To increase interaction with his students in the classroom, Northwestern University professor Michael Peshkin moved his lectures out of the classroom. His innovative "Lightboard" allows him to pre-record lectures for his hybrid class. This 4 x 8 ft. pane of tempered glass allows him to pre-record lessons for his hybrid classes. Strips of white LEDs at the top and bottom of the frame illuminate the fluorescent dry-erase markers while a mirror corrects the orientation of his notes and diagrams whilst filming.
What led you to create the Lightboard?
Five years ago I swore off giving traditional lectures. I wanted to do something more valuable with my in-class time. I developed an Electronics course, focused on hands-on design and diagnosis. The students have a portable electronics workbench ‘lab in a backpack’ that they bring to class. In class I would deliver brief mini-lectures, but mostly I worked with the students on their circuit designs. That’s a much better use of scarce classroom time.
What role does the Lightboard play in your course today?
The course has been in development for five years; I change it every time I teach it. This year I also started to develop it for online teaching. Not a MOOC! I’m working with Semester Online to offer a class starting in January 2014, called ‘Electronics out of the Box’. It will meet in sections of 20 students, and we’ll work together via video conference. I want it to be as good as an experience online as my on-site students get.
So, these ‘away’ students will have their electronics parts and their portable workbench, and we’ll have live sessions together twice a week. For the mini-lectures that I usually give in class, I built the lightboard, so that I could produce video mini-lectures.
What advantages does the Lightboard offer educators creating video?
It allows you to use your hands and your face as part of your communication. Those parts of communication are very important, and they get lost in classical ways of making instructional videos. But, it also allows you to make videos quickly. A professionally produced video can capture hands and face. But it takes so long and is very expensive. The Lightboard allows me to do this on my own, in one take.
How easy would it be for another Professor to replicate the Lightboard?
Building a Lightboard – or better, a whole studio featuring a Lightboard – is not hard at all. You wind up becoming a bit of a video techie by the time you are through! However it’s not something you can build on your desk, like adding a Wacom tablet and a webcam, which is how a lot of instructional videos are being made. It takes some investment of time and resources. I don’t foresee a lot of individual faculty doing it. It is something that a school ought to build and provide for their faculty, if they are serious about video and online.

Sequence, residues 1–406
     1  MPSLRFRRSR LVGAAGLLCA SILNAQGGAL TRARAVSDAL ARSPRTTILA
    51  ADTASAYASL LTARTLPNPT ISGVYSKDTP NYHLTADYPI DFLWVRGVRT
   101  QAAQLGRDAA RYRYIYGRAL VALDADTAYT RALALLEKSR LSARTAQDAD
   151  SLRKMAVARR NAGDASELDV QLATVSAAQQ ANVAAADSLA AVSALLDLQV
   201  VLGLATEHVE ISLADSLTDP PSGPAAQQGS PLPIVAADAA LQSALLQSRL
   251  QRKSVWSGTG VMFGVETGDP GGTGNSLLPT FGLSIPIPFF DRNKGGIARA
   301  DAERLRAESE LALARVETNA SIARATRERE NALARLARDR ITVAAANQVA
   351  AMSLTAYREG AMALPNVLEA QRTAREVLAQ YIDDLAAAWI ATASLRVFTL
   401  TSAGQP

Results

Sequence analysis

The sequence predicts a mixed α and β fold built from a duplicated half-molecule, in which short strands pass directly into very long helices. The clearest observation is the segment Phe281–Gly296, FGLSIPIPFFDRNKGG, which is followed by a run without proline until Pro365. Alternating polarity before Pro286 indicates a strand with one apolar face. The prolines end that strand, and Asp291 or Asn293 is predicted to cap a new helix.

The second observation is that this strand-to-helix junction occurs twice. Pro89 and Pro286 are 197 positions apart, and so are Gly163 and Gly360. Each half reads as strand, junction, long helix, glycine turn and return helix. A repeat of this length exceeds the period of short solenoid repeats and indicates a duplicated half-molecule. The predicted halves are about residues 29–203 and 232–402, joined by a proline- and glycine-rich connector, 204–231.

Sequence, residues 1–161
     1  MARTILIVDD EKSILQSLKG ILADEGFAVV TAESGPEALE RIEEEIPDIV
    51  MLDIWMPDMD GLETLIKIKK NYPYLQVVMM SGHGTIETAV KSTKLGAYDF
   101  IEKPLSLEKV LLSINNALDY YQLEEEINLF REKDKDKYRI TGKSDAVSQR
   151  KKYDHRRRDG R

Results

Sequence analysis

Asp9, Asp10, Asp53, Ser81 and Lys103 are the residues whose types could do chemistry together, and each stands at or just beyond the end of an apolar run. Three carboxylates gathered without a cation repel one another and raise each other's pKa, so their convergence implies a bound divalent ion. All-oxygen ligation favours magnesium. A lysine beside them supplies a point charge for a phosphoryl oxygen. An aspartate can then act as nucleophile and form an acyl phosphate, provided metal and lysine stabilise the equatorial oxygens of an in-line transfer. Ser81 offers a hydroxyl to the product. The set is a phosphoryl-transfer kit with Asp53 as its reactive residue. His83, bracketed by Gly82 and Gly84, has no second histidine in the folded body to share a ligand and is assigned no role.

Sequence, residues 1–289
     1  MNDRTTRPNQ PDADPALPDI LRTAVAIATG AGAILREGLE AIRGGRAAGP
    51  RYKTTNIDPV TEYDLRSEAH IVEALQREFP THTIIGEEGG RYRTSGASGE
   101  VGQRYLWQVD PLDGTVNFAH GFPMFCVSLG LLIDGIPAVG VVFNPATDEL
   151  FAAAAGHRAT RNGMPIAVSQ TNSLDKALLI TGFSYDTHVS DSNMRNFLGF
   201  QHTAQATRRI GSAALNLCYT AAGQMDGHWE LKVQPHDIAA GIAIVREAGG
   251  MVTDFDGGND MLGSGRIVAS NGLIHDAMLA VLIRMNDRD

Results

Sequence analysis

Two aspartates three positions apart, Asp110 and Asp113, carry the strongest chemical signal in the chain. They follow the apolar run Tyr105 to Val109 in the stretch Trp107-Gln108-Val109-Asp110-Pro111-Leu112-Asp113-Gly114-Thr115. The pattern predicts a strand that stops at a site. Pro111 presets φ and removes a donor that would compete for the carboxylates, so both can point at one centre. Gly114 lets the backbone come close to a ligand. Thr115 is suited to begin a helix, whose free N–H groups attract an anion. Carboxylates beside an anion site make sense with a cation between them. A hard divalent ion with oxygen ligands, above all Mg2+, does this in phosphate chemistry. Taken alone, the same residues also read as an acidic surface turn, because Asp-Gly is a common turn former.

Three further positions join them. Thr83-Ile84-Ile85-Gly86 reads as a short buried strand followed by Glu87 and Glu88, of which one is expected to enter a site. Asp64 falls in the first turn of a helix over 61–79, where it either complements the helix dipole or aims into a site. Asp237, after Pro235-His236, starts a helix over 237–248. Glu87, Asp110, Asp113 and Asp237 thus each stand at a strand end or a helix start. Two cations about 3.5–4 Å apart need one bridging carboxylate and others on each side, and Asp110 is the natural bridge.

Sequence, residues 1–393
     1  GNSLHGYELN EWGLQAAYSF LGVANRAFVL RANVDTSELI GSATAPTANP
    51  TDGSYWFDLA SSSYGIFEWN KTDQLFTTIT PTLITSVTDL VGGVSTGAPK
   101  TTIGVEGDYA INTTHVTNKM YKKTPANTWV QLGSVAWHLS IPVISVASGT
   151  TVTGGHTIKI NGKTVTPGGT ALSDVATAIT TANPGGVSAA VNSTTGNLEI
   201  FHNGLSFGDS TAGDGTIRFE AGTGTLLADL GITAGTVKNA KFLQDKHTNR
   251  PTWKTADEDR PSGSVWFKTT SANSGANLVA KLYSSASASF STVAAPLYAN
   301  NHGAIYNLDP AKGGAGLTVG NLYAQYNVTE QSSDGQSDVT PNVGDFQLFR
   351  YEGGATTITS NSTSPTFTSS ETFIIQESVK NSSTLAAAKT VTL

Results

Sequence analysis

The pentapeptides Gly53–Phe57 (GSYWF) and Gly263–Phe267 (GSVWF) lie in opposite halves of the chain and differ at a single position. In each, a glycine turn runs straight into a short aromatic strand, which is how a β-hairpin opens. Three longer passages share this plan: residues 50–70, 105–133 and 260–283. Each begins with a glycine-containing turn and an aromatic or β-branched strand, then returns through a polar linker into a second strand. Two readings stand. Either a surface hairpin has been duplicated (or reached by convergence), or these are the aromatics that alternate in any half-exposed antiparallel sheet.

Are there any other subjects you feel could benefit from the Lightboard?
It’s especially well suited to technical subjects, because you are talking about diagrams and equations. These can’t be spoken, they have to be drawn. We’ve been experimenting with its use for other subjects. Especially, it’s been fun re-imagining the powerpoint presentation for Lightboard! Your typical bullet-point driven powerpoint talk is terrible on Lightboard (or even without Lightboard, dare I say.) For Lightboard, you make the powerpoint background black, and then you become a character inside your own powerpoint slides. You can point at things in the slide, mark up the graphics with your fluorescent pens, and it’s a lot of fun.
How have others in the Academic community responded to the Lightboard?
People who have come across it online have made a number of useful suggestions, and a lot of funny comments too. I have an “improvements” page on the Open Source Hardware website that describes Lightboard.
I’d especially like to find fluorescent markers that are easy to erase and don’t squeak. Reducing the cost of the glass and frame and lighting would be good too.
If you’re interested in learning more about the Lightboard, or even considering building your own, check out Dr. Peshkin’s easy to follow construction guide.